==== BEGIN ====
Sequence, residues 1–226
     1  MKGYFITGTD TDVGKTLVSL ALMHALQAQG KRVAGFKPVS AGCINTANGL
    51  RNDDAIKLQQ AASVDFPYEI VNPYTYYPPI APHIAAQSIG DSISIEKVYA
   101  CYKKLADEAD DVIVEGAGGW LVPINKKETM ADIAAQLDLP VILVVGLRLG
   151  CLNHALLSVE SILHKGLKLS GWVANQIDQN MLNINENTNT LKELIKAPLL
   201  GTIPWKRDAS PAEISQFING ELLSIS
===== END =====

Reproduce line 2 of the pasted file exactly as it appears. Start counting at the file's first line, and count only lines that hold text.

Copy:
     1  MKGYFITGTD TDVGKTLVSL ALMHALQAQG KRVAGFKPVS AGCINTANGL